Thoughts from Scott Sternberg, Executive Director, Boulder Economic Council
As a child, if you asked me what I wanted to be when I grew up, my answer was simple: an astronaut. There were NASA posters on my bedroom wall, I built and launched model rockets from my backyard, and it seemed that every Halloween I was in a spacesuit. One of my earliest memories is watching the news coverage of Apollo 13 on a black-and-white TV. I was too young to fully comprehend the situation but, from the worried look on my parents’ faces, I knew it was serious. I even walked outside and looked up at the evening sky, imagining I could catch a glimpse.
This childhood fascination has followed me into adulthood and is one of the many reasons I am proud to call the Boulder community home, as Boulder has a long and rich history in the aerospace industry. The Laboratory for Atmospheric and Space Physics (LASP) at the University of Colorado Boulder began in 1948, a decade before NASA. They are the world’s only research institute to have sent instruments to all eight planets and Pluto (personally, I cannot concede that Pluto is not a planet!). Further, The Ann and H.J. Smead Department of Aerospace Engineering Sciences ranks 12th in the nation according to U.S. News & World Report. Finally, Boulder is home to large aerospace contractors such as Lockheed Martin, Northrup Grumman and Ball Aerospace, which John Tayer, Boulder Chamber President and CEO once coined “Boulder’s original startup.”
The Metro Denver EDC, in a recently released report on the industry, estimates that there are 290 aerospace companies in Colorado supporting over 33,000 employees. Further, Colorado enjoys the highest concentration of private aerospace workers in the nation. However, as Colorado-based businesses in the industry often tout: “The fact that we’re a mile closer to space is just part of the story.”
Boulder County’s aerospace presence is considered a key industry cluster for Colorado and represents nearly 23% of the state’s resources. However, one must understand that the aerospace industry does not stand alone. Many other sectors of our economy either directly or indirectly feed the technology pipeline. The photonics industry, advanced manufacturing firms, innovative startup endeavors and a host of engineering design consultants all support the industry. This web of resources strictly depends on a broad range of funding sources and interactions that cross federal and state agencies, universities, nonprofit groups, and, of course, private companies. This quarter’s Colorado Business Review, published by CU’s Leeds School of Business, perhaps tells the best story of how embedded aerospace is within our community.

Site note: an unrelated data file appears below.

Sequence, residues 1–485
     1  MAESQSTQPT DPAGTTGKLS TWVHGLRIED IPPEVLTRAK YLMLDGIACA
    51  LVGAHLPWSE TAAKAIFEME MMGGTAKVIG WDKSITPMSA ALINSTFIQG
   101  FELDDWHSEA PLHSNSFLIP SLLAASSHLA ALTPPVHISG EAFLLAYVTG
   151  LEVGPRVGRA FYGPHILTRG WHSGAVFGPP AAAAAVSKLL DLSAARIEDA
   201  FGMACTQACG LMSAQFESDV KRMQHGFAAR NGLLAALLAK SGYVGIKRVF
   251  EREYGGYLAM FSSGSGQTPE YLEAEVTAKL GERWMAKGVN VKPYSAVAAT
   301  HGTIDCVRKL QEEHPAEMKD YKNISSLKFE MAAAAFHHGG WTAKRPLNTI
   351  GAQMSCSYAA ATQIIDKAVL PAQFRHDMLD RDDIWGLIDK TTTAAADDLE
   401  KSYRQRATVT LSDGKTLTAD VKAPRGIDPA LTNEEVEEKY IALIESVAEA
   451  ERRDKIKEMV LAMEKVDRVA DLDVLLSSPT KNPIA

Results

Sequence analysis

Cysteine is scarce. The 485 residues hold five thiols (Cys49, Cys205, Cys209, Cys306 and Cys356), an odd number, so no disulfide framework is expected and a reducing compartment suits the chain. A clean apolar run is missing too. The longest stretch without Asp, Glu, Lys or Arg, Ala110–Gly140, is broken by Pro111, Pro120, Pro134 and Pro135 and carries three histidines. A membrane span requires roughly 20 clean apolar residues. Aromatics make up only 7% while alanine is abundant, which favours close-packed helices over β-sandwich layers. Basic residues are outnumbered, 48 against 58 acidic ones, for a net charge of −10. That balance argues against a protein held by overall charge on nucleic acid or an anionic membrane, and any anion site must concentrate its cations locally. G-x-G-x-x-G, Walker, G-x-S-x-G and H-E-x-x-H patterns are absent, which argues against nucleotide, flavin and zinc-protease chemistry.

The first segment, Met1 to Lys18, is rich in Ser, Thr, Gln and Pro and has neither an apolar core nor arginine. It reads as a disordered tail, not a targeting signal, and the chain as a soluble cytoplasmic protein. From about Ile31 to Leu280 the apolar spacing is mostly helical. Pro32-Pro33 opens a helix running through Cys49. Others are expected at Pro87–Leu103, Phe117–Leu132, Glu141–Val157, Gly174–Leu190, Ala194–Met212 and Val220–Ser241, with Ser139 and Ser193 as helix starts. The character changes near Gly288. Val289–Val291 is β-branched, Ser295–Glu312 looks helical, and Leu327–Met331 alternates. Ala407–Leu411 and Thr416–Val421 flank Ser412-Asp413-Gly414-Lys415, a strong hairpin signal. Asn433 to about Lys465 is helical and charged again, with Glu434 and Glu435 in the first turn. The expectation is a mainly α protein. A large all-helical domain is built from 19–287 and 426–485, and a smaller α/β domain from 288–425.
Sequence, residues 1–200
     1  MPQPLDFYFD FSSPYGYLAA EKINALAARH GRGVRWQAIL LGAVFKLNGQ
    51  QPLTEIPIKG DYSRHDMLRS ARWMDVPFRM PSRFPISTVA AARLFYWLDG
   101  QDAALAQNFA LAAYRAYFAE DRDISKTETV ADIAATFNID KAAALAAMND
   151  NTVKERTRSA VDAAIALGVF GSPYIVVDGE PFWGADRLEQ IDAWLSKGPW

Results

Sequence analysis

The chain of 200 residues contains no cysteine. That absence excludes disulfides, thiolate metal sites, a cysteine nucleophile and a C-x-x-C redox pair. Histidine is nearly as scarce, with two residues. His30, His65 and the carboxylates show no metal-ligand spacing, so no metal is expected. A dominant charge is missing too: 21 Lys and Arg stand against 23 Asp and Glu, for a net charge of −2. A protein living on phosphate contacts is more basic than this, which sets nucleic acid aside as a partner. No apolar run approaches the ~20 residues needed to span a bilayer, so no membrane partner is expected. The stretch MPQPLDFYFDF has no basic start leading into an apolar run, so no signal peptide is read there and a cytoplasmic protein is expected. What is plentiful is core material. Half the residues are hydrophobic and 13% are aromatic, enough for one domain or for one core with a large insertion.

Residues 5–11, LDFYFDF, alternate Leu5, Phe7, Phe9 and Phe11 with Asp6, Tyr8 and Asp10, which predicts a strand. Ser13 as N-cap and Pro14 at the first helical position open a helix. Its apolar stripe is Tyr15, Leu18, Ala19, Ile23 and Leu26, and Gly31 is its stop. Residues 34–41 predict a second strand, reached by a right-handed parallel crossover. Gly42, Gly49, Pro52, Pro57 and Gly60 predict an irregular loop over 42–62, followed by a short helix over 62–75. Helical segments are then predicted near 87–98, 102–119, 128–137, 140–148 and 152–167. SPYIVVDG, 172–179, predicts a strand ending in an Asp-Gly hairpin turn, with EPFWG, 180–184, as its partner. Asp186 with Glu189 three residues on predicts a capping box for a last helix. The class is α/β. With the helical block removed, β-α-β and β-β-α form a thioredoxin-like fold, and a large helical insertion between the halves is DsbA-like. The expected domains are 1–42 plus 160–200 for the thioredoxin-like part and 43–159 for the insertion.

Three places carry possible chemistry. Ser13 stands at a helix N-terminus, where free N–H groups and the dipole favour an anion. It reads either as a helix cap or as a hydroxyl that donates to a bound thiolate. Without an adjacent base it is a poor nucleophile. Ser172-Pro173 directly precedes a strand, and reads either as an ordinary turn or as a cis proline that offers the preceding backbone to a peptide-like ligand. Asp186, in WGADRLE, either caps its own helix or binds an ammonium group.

As I reflect on why I was so enamored with space as a child, I gravitate to how it makes me feel. Recently, I felt a sense of ownership and inspiration when the Perseverance Rover successfully landed on Mars. I cannot wait to see a helicopter take flight on the red planet. I sat on the edge of my seat as America once again transported humans into space. I feel gratified that NASA has prioritized earth system science within their mission plans. Lastly, I am blown away by all the technology that originates in aerospace and later appears in consumer markets. We’ve come a long way from Tang people!
The pandemic has taken its toll, economically and socially. The aerospace industry, however, has provided glimmers of hope and inspiration at a time when we need it the most. Not only have we stood up to many challenges, but have done so in ways that reflect our creativity and aspirations (check out the hidden parachute message story to best understand this point). And, lest we forget that the conquest of space also has a strong economic impact: at a time when our economy has struggled, aerospace has provided resiliency to our community and has further stressed the importance of an educational system and workforce rich in STEM disciplines.
As we emerge from the pandemic and venture back into our work environments, it may seem that we are entering an unearthly world. We have real challenges ahead of us as we strive to build back better and evolve our economy in creative, inclusive, and inspiring ways. My hope for the future is simple: we do so with the same vigor and spirit exhibited by the aerospace industry. As Teddy Roosevelt once said, “Far better it is to dare mighty things…”